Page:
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Private market growing for zero-day exploits and vulnerabilities
This article is part of the Information Security magazine issue of Dec. 2012/Volume 14 / No. 10
In 2011, vulnerability researcher Luigi Auriemma discovered more than six dozen vulnerabilities in a variety of enterprise software packages, selling each software bug for a modest bounty to the Zero Day Initiative, a group set up by TippingPoint, and now a subsidiary of Hewlett-Packard. A well-known white-market buyer for software vulnerabilities, HP’s TippingPoint, uses the information to protect its customers while working with the vendor whose software is affected to close the security hole. While the company does not disclose how much it pays researchers, payments typically fall between $1,000 and $5,000, with most less than $2,000, according to sources. Yet, with penetration testers, industrial spies, law enforcement, intelligence agencies and the military all looking for exploits to undisclosed flaws to fuel their cyber-operations, such modest bounties are no longer the incentive they once were. Vulnerability researchers, once starved for a market for their security flaws, now have new options. Aureimma, for example, ...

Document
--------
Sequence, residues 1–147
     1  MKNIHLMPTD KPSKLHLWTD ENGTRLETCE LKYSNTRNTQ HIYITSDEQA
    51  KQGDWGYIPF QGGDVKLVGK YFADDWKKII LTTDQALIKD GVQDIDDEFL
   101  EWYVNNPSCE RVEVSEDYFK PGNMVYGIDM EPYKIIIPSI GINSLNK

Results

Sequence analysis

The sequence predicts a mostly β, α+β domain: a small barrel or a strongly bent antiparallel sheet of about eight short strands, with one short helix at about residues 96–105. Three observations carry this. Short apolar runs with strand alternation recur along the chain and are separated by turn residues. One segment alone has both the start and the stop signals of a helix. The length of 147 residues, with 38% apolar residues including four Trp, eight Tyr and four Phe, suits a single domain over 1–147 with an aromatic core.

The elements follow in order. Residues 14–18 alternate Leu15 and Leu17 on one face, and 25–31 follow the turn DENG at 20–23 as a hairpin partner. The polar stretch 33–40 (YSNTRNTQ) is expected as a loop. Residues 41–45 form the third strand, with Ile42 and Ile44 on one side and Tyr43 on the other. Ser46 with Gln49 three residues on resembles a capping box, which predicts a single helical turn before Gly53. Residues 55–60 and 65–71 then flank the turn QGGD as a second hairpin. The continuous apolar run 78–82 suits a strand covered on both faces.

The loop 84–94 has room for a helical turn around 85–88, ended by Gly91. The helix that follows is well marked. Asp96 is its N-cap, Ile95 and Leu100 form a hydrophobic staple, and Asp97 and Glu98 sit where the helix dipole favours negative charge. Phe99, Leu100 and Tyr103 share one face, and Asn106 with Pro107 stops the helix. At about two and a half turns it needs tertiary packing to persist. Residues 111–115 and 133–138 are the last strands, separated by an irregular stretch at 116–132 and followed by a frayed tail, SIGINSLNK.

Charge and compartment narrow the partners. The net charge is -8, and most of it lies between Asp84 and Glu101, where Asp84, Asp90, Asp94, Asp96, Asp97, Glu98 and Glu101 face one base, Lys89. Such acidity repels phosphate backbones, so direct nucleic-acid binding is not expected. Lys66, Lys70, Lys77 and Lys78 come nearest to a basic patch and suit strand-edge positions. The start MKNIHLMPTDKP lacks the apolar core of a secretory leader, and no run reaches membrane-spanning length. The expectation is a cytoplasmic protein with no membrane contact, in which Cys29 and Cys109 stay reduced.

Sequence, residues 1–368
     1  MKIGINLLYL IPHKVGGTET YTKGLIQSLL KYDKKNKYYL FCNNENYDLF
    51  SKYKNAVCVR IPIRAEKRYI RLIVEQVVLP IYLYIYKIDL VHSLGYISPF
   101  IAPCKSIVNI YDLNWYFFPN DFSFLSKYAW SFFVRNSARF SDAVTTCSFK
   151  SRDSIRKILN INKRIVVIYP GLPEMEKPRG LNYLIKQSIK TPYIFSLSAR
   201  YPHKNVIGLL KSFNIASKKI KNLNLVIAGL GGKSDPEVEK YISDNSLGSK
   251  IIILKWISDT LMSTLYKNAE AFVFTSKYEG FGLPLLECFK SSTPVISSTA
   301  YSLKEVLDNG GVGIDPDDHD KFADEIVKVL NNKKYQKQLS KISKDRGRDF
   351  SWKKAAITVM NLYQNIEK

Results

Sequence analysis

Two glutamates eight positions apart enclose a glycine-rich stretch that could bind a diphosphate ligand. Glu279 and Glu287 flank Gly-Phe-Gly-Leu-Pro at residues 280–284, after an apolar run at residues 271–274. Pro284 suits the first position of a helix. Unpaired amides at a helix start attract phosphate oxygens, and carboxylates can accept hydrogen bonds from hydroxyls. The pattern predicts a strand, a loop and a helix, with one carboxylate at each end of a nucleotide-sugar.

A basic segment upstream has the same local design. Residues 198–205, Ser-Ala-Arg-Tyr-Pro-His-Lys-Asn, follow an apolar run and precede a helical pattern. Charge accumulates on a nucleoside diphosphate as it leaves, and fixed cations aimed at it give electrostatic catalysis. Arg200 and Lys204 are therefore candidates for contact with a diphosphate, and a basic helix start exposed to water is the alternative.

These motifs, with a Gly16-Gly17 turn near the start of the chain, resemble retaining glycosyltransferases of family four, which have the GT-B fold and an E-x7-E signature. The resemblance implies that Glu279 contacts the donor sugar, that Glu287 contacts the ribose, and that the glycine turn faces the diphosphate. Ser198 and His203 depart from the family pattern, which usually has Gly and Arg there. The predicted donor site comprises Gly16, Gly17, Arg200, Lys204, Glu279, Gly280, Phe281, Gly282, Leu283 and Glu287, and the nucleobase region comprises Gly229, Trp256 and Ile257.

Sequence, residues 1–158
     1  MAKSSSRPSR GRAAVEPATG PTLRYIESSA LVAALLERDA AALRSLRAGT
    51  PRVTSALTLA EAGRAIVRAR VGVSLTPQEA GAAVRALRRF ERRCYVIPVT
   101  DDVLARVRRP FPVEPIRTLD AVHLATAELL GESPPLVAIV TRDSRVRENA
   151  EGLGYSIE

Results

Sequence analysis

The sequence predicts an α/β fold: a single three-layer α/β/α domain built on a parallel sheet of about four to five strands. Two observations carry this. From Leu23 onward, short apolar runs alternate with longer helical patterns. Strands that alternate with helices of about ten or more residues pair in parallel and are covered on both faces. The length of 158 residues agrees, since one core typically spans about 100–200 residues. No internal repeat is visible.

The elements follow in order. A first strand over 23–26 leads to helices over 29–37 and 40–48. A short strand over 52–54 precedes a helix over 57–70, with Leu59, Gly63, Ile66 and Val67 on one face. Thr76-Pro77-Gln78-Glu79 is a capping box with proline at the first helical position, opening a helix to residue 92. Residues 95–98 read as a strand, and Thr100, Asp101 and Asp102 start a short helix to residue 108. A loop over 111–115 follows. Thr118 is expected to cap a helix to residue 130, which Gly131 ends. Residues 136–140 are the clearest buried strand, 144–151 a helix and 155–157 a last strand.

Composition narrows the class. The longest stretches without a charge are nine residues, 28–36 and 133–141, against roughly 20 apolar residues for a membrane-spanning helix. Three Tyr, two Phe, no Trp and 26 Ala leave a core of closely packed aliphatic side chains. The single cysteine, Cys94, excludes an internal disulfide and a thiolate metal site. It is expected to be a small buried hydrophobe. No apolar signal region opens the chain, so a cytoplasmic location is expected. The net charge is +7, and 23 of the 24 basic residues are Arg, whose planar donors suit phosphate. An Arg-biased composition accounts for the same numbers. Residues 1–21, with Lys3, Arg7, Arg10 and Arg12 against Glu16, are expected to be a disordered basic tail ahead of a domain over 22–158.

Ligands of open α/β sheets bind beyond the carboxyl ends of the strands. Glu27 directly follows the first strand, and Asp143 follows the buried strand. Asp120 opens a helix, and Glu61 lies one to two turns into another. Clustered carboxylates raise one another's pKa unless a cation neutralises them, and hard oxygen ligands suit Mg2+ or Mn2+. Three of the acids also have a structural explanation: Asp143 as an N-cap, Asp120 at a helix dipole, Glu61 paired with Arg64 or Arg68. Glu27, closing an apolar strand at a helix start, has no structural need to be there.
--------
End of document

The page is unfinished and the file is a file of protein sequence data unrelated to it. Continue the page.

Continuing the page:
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Features in this issue
System that helps law enforcement track down fugitives was tested thoroughly to prove to CTOs and IT teams that the company is serious about security.
Exploitable vulnerabilities are becoming harder to find in popular software, but information on such flaws is increasingly valuable, and many security researchers are no longer willing to give it up for free.
Information Security magazine discussed critical infrastructure protection with three experts and explore whether any near-term solutions can be implemented to bolster network defenses.
Biometric authentication helps ensure only authorized smartphone users can access a network. David Jacobs weighs the pros and cons of three methods.
Columns in this issue
Information Security Magazine examines key security concerns in the field of critical infrastructure protection and explores options for mobile biometric authentication because you’ll need to think about a new security strategy as mobile devices outnumber desktops in the enterprise.
A trusted advisor and a strong communicator and promoter, a good CISO should be a jack-of-all-trades to rally the IT security team to support the business needs by minimizing risk.
Security expert and Information Security magazine columnist goes one-on-one with Aaron Turner, co-founder of security consulting firm N4Struct.